The technology is centred on neuromorphic chips which are made up of networks of transistors that interact the way human neurons do. This means that they can process analog input, such as visual information, quicker and more accurately than traditional chips.
Bhavin Shastri, a postdoctoral fellow in electrical engineering at Princeton University said that one way of building such transistors is to construct them of lasers that rely on an encoding approach called “spiking.”
Depending on the input, the laser can provide a brief spike in its output of photons or not respond at all. Instead of using the on or off state of the transistor to represent the 1s and 0s of digital data, these neural transistors rely on the time intervals between spikes.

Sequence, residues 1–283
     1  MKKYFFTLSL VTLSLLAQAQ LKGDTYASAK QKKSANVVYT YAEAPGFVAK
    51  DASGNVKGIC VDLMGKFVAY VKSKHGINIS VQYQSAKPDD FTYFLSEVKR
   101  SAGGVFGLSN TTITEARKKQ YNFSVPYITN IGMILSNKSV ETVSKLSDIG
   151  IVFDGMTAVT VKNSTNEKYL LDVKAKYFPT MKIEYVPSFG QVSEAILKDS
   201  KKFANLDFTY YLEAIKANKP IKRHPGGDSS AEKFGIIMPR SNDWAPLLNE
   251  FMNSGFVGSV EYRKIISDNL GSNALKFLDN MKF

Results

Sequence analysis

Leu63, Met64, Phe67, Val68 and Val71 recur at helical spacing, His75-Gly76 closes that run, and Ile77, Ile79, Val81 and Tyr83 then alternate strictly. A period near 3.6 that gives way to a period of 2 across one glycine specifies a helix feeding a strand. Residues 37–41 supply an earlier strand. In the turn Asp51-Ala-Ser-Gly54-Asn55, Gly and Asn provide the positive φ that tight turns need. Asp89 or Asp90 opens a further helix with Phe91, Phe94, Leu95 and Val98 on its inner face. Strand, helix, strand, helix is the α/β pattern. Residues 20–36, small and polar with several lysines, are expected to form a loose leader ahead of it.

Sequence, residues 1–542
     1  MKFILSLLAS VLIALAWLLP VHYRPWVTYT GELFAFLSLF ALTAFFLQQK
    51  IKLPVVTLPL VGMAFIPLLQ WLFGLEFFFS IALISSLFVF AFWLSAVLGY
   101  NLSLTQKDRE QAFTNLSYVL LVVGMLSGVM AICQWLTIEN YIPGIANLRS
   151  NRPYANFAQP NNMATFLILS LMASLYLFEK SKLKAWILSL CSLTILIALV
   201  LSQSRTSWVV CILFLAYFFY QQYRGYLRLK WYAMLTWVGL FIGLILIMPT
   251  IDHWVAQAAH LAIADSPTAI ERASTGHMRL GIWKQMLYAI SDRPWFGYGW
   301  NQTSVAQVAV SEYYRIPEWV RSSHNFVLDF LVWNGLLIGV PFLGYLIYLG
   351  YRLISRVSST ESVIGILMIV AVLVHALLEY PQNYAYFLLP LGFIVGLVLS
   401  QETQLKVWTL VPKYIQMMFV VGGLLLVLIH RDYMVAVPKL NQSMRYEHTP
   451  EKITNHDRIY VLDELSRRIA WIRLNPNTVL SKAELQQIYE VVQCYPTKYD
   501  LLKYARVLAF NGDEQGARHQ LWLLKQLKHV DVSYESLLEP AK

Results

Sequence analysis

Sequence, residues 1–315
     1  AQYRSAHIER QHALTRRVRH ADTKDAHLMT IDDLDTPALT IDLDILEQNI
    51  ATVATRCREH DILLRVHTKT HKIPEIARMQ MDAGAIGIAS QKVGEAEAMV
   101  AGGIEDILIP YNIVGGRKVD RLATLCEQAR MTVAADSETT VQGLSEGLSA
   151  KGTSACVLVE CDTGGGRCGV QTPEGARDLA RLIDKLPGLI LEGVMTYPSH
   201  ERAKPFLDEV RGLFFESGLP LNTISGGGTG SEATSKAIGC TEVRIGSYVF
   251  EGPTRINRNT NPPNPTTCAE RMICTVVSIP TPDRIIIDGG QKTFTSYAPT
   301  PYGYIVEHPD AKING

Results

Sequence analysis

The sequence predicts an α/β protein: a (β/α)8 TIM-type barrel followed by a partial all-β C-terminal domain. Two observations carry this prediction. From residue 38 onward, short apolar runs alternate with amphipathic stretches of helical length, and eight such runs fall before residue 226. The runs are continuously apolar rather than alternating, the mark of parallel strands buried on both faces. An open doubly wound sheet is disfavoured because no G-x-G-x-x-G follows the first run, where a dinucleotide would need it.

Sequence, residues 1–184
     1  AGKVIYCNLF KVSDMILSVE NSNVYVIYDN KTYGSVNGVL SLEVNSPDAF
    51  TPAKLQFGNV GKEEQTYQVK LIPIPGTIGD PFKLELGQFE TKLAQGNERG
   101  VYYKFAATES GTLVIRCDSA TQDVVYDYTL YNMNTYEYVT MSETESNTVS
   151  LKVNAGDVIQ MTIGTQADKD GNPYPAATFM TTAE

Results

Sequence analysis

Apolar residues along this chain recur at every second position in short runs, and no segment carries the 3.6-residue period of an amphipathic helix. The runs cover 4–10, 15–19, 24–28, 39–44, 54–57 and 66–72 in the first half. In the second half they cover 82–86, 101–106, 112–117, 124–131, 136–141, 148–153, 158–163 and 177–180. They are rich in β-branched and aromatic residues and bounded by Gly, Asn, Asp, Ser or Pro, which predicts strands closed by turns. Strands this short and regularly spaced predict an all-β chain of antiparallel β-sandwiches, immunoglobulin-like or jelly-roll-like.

Shastri said: “We’re essentially using time as a way of encoding information. Computation is based on the spatial and temporal positions of the pulses. This is sort of the fundamental way neurons communicate with other neurons.”
Shastris work with Lawrence Chen, a professor of electrical and computer engineering at McGill University, is trying to get the laser to spike at picosecond time scales which are one trillionth of a second.
They managed to do this by putting a tiny piece of graphene inside a semiconductor laser. The graphene acts as a “saturable absorber,” soaking up photons and then emitting them in a quick burst.
Graphene is a good saturable absorber because it can take up and release a lot of photons extremely fast, and it works at any wavelength.It also stands up very well to all the energy produced inside a laser.